Whatever style of referencing you adopt, it is critical that you are assiduous in acknowledging the sources you have used; failure to do so may lead to suspicions of unfair practice and an investigation into whether or not your work reflects the standards expected of academic research. Guidance on plagiarism and how to avoid it is available at http://learningcentral.cf.ac.uk/bbcswebdav/institution/INSRV/Study%20Skills/plagiarism2/new/index.html.

Note that it is seldom sufficient to simply “cut and paste” material from other sources. When you take material from someone else's work, you are doing so because it helps support your argument, or justify decisions you are making. It is therefore essential to make it clear why you have included material from other sources; in other words, you need to critically assess the work of others, whether it is supporting your position or not:

  • If the material you are citing from another source supports your position, you must explain why it should be trusted. For example, material from a published journal will, normally, have been peer-reviewed and can therefore be considered to have some validity, according to subject matter experts. Much of what is published on the Internet cannot be regarded in the same way, however.
  • You will often find that there are conflicting views in the published material; in such cases you must explain which view you favour and why, before relying on the material to support your position.
  • If other writers have taken a different position to the one you support, you must explain why the reader should accept your ideas rather than those proposed elsewhere.

In summary, you need to ensure that you have clearly assessed the relevance of referenced material to the development of your position, or your argument, and demonstrated that you are justified in taking this material to be authoritative.

Writing the Project Report

Once you have gathered and organised enough material you can turn it into written prose. To write effectively requires sustained concentration over long periods of time. Even with the incremental authoring possibilities that word processing offers, writing is best done in long uninterrupted sessions. Most people find it difficult and tiring.

There are rules you can follow which may make the task easier and which will certainly improve the quality of your writing, but unfortunately there are rather a lot of these and in a guide of this size we can only offer a few pieces of general advice:

  • keep your potential readership in mind;
  • identify commonality;
  • use sections and subsections to structure your work and to provide appropriate breaks for the reader;
  • do not include “padding” - include only what is necessary to “tell the story” and justify your work;
  • follow appropriate academic and professional stylistic conventions. We recommend that you read journal papers relevant to the general area of your project, as well as project reports held in the library and online; this is a normal research activity.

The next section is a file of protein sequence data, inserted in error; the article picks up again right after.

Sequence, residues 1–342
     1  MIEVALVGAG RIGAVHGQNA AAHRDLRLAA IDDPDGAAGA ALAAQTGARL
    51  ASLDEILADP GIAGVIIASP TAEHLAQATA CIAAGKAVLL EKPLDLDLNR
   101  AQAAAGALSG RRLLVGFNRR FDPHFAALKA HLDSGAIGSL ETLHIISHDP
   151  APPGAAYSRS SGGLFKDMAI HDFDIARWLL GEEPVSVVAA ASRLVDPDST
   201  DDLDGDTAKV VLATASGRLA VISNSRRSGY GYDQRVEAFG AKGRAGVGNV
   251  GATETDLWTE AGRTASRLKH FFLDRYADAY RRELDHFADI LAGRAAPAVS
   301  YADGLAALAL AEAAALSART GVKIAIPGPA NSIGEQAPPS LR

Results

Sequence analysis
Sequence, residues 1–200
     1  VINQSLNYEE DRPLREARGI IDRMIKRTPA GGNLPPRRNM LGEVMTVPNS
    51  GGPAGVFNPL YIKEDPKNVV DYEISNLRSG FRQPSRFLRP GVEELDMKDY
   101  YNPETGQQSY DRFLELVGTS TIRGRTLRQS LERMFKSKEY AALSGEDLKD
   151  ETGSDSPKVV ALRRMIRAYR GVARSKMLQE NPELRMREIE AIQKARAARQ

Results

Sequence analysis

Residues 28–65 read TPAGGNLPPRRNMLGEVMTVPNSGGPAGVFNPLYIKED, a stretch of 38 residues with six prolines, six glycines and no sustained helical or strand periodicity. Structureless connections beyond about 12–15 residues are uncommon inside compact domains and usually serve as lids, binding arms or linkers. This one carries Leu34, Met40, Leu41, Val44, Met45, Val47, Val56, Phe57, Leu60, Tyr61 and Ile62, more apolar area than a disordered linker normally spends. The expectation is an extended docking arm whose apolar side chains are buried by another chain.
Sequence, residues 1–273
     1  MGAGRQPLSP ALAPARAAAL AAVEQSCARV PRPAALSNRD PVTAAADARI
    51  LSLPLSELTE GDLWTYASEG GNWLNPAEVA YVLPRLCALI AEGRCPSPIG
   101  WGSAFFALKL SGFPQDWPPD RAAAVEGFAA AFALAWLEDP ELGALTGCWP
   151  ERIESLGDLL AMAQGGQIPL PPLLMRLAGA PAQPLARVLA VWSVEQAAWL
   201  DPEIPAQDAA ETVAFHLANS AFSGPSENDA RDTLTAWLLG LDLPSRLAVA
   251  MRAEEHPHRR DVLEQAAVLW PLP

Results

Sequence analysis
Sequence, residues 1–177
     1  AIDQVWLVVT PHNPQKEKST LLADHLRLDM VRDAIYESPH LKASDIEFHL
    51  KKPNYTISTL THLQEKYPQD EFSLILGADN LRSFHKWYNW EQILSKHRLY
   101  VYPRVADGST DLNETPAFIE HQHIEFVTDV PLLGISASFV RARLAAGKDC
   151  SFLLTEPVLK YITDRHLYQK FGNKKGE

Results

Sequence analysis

The project report's structure does not necessarily dictate the order in which you write it. If you want you can start by writing the Introduction, then the Background section, and so on, but this is up to you. Some people start by writing the Introduction first which gives direction to writing the other sections, but others prefer to leave writing the Introduction until last, as reports rarely turn out as planned. We recommend that you start with the middle sections, then write the Introduction (guiding the reader to what they will find in the report), then the Conclusions (bringing the report together at the end) and Reflection, and finally the Abstract (summing up the entire report). However you tackle the writing up, we recommend that you:

  • write as you go along, rather than leaving all the writing until last (writing takes longer than you think, and is best done when the ideas remain fresh in your mind);
  • leave time for someone you trust to proof-read your work, and for you to correct errors (it is not your supervisor’s responsibility to correct your written English);
  • read your work out loud to yourself. There are many advantages to this, not least the realisation that if you run out of breath your sentences are probably too long. Mainly, however, if you read “silently”, you will tend to read what you meant to write, rather than what you have in fact written, and will run the risk of missing errors.

Potential Readership

Always keep your potential readers in mind and repeatedly review what you have written, putting yourself in their place. Look at the draft, sentence by sentence, and ask yourself: 'Will this make sense to the readers given their existing knowledge and what I have told them up to now?' You can consider the potential readership as

  • your academic supervisor,
  • your project moderator/internal examiner,
  • the external examiner (usually a computing professor from another university),